Wednesday, August 10, 2011

Nanode Applications Weekend and Gas Revisited - yet Again

As the Nanode project approaches the anniversary of its conception, and arguably just 4 months since birth, it was felt that it was time to get a few people together to talk about recent developments and applications.

The central London location of the Centre for Creative Collaborations (C4CC) was chosen as it is well equipped, easy to get to from Kings Cross and a good size - able to host between 30 or 40 delegates.

Saturday was well attended with about 30 present, and we covered a wide range of applications including energy monitoring, remote online bootloading of sketches, and recent developments with Pachube.

Glyn Hudson has done an excellent blog post about the event here - so there is no need to repeat in detail what he has covered.

The get-together brought many like minds into the forum, and it was not too long before we were discussing the use of open source hardware for wireless monitoring of electricity and gas consumption.

In the last few months Trystan Lea and Glyn Hudson of oem ( have made huge progress on their open hardware energy monitoring system. They presented and demonstrated their open source energy monitoring system as an "end to end" solution - and this represents the first real, potentially commercial application for the Nanode as a web connectivity and data distribution device.

Glyn has developed a neat wireless sensor node, the EmonTx, based on Jeenodes and this is used as their electricity monitoring front end. The wireless packets are then sent to a Nanode fitted with a RFM12 transceiver board and thence up to the net.

Trystan has developed the server application including all the database, graphing and visualisation software. This application software is of exceptional quality and in my opinion exceeds that of some or most commercial energy monitoring packages. The point is however, it is open source, freely distributed and available for others to build upon.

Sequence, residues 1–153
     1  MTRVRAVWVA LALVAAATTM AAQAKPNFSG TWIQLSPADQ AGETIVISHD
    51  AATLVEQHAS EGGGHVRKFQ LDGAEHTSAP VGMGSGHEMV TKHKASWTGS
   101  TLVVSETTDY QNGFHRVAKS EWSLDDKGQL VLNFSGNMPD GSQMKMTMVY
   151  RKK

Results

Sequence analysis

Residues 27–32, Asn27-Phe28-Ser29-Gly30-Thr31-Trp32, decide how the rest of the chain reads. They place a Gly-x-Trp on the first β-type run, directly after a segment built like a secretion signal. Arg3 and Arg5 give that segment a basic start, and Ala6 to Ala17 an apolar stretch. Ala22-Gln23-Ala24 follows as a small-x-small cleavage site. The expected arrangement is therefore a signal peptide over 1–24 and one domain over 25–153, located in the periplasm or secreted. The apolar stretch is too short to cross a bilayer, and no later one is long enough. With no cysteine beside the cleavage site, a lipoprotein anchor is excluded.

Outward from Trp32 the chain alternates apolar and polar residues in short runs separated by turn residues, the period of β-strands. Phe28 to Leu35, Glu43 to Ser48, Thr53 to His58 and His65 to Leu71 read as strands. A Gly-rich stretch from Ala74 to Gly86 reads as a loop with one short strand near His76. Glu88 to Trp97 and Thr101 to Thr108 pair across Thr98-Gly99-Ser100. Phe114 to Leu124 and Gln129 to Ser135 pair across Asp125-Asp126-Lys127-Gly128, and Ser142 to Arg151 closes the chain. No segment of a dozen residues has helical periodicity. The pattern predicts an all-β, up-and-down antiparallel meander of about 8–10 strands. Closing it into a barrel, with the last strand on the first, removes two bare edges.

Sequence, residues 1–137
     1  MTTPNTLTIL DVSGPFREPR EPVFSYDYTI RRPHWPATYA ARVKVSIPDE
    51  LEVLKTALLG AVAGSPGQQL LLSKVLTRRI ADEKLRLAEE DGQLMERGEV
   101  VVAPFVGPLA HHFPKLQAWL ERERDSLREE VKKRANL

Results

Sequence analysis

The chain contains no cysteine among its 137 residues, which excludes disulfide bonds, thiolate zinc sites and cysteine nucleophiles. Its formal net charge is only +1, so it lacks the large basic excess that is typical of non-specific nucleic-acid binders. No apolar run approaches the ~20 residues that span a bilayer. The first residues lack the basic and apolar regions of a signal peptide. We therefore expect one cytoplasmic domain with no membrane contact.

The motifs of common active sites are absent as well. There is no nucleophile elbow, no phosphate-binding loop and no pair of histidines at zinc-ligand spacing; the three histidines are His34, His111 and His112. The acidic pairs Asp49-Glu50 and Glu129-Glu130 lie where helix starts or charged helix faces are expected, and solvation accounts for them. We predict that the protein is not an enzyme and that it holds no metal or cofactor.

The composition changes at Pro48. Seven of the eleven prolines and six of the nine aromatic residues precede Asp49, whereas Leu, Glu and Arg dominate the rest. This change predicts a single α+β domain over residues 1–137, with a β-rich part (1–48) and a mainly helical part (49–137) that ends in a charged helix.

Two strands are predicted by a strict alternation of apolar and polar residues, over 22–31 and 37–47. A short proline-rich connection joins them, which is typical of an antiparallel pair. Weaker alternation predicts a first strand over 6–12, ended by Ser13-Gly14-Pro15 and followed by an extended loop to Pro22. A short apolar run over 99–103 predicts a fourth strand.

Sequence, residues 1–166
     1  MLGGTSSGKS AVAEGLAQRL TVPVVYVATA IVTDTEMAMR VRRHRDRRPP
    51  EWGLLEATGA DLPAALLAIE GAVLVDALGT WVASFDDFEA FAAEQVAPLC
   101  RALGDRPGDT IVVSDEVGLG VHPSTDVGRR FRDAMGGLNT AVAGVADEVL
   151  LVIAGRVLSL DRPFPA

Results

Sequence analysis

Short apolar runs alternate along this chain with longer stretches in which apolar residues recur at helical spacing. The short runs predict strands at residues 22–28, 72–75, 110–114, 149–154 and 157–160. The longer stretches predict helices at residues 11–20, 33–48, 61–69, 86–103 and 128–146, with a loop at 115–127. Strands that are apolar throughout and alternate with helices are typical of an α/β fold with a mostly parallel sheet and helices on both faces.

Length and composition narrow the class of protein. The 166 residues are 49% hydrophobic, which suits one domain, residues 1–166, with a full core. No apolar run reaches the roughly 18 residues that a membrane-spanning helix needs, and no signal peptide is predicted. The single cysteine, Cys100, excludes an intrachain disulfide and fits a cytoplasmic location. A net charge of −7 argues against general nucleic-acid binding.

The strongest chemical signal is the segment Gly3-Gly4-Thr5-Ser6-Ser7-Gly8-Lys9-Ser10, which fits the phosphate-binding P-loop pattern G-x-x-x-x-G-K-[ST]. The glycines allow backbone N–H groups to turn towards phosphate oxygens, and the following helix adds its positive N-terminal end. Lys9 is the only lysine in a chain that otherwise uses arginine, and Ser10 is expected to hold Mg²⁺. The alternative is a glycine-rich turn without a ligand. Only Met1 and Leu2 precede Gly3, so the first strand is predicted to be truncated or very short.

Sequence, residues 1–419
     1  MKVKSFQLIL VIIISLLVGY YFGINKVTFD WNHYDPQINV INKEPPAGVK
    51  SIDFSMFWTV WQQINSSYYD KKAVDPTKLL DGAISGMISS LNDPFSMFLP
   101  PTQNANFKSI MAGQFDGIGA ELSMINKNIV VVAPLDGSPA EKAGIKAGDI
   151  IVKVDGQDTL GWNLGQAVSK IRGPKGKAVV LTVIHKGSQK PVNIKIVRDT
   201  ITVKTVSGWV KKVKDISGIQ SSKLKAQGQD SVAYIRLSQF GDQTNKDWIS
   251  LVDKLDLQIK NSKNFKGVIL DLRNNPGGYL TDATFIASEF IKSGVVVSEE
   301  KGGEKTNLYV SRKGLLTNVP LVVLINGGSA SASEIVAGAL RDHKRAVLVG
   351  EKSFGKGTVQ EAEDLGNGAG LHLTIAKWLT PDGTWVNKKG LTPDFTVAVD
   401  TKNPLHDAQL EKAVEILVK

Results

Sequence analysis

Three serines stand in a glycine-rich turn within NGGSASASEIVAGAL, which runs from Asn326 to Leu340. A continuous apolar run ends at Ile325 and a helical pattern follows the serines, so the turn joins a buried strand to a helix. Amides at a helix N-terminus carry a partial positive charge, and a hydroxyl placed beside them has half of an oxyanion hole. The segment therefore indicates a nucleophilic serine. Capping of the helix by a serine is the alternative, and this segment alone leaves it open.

So now we have the basis of a really good open source energy monitoring system - and its now time to start thinking about the "elephant in the room" - domestic gas consumption savings.

There are already a couple of commercial gas monitoring devices available - the Ewgegco does electricity, water and gas - hence the name, and the rather naff sounding Saveometer.

Conveniently Saveometer have provided this guide to compatible gas meters - so if you have one of these you are in luck.

The gas meter sensor uses a simple reed switch, activated by a small magnet fitted into the least significant dial. Reed switches create a fair bit of contact bounce, and tend not to work particularly well at very low currents (contacts need "wetting" current). So I have knocked up a very low power Hall sensor which I believe will be cheaper and more reliable in the long run.

Meeting ATEX requirements will be difficult, but I suspect that if I completely encapsulate the sensor in potting compound and meet the current and voltage limitations - then it will be fine from a technical point of view.

The EmonTx wireless sensor developed by is based on the Jeenode circuit, but with additional analogue circuitry allowing the easy plugging in of current transformers, voltage sensors, pulse count sources and one wire temperature (or other) sensors.

As gas consumption and heating monitoring needs a pulse counter channel and temperature sensors, the EmonTx is readily adapted to this role. One proposal with EmonTx is to bring the four JeeNode ports out to external connectors - such that any sensor could be plugged into any port.

The use of a 4 pole 3.5mm jack connector would allow digital, anlogue, power and ground signal to be brought on each port. There are not many common sensors which could not be interfaced with this combination of signals, even if the sensor had its own tiny microcontroller onboard to create a serial data stream. This is the approach taken by Eric Ward with his "Half Bee" sensors which use an 8 pin PIC to provide a common emulated one wire interface for pulse counters, temperature sensors and 2 channel ADCs.

The 3.5mm jack is a compact connector and easily passed through walls, ceilings and flooring with an 9mm drilled hole.

Low cost, 5 metre pre-wired cable assemblies with a 4 pole 3.5mm jack are available here from Farnell.

1 comment:

Anonymous said...


Ryan here from Farnell. I have a few questions to shoot your way do you want to give me an email on